Alopecia is the medical term for hair loss, and it is the type of alopecia known as alopecia cicatricial that produces scarring of the scalp. According to the Mayo Clinic, the hair follicles become scarred and, therefore, dormant due to inflammation. Hair follicles never return to a scar site, and so this form of hair loss is permanent. Herbal remedies exist that can help treat scar tissue.
Lupo erythematosus and lichen planus are two inflammatory skin conditions that can produce this scarring of the hair follicles, according to the Mayo Clinic. They are both autoimmune diseases, which means that the body's immune system attacks its own cells. Lichen planus creates itchy purple flat-top growths while Lupus' symptoms range from skin lesions and sores to internal problems such as chest pain and breathing difficulties.
Gotu Kola is an aquatic herb from the southern hemisphere. It has been known for its medicinal qualities for many centuries. Gotu kola is readily available in ointment form from health stores — for the most beneficial results it should be applied on newly formed scars. The natural health website GrannyMed notes that gotu kola's components can regulate collagen production, increase blood flow to the scarring and improve skin elasticity. Antioxidant effects also help it contribute to the growth of new skin.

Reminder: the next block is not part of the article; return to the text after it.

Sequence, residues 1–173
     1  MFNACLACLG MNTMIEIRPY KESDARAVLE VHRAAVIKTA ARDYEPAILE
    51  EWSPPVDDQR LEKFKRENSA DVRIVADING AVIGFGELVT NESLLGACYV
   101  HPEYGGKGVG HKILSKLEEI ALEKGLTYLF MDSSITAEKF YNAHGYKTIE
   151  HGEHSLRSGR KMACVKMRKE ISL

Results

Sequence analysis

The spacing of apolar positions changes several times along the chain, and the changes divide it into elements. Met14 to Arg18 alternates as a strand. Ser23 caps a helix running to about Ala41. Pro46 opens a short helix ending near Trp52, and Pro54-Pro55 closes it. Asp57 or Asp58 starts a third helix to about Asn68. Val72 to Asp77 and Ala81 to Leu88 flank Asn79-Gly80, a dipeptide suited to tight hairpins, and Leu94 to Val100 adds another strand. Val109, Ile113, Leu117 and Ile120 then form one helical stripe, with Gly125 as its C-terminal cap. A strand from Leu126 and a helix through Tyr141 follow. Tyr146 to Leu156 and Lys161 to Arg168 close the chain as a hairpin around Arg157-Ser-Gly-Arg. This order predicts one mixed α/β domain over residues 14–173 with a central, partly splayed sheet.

Of the 400 different species of aloe vera it is aloe barbadensis that is the one most commonly associated with medicinal properties. Available as an extract in many cosmetics, aloe vera is actually best applied in its original pure gel form straight from the leaf. GrannyMed notes that aloe vera's anti-inflammatory effects can help repair wounds and increase the production of new skin cells. Unlike gotu kola, aloe vera can also help improve the appearance of older scars.
Onion is an active ingredient in the over-the-counter scar treatment Mederma, which can be found as a gel in many health stores. Apply this gel to the scarred area three to four times daily to see improved results. Onions are anti-inflammatory and can control the over-production of collagen in the skin, which can otherwise lead to the development of hypertrophic growth scars.
Clinical evidence to support the claims of herbal remedies is lacking. GrannyMed notes that these natural remedies are not suitable for more severe scarring. Consult your doctor before attempting to self-treat with topical herbal remedies to avoid skin irritation and also to garner professional advice on your condition.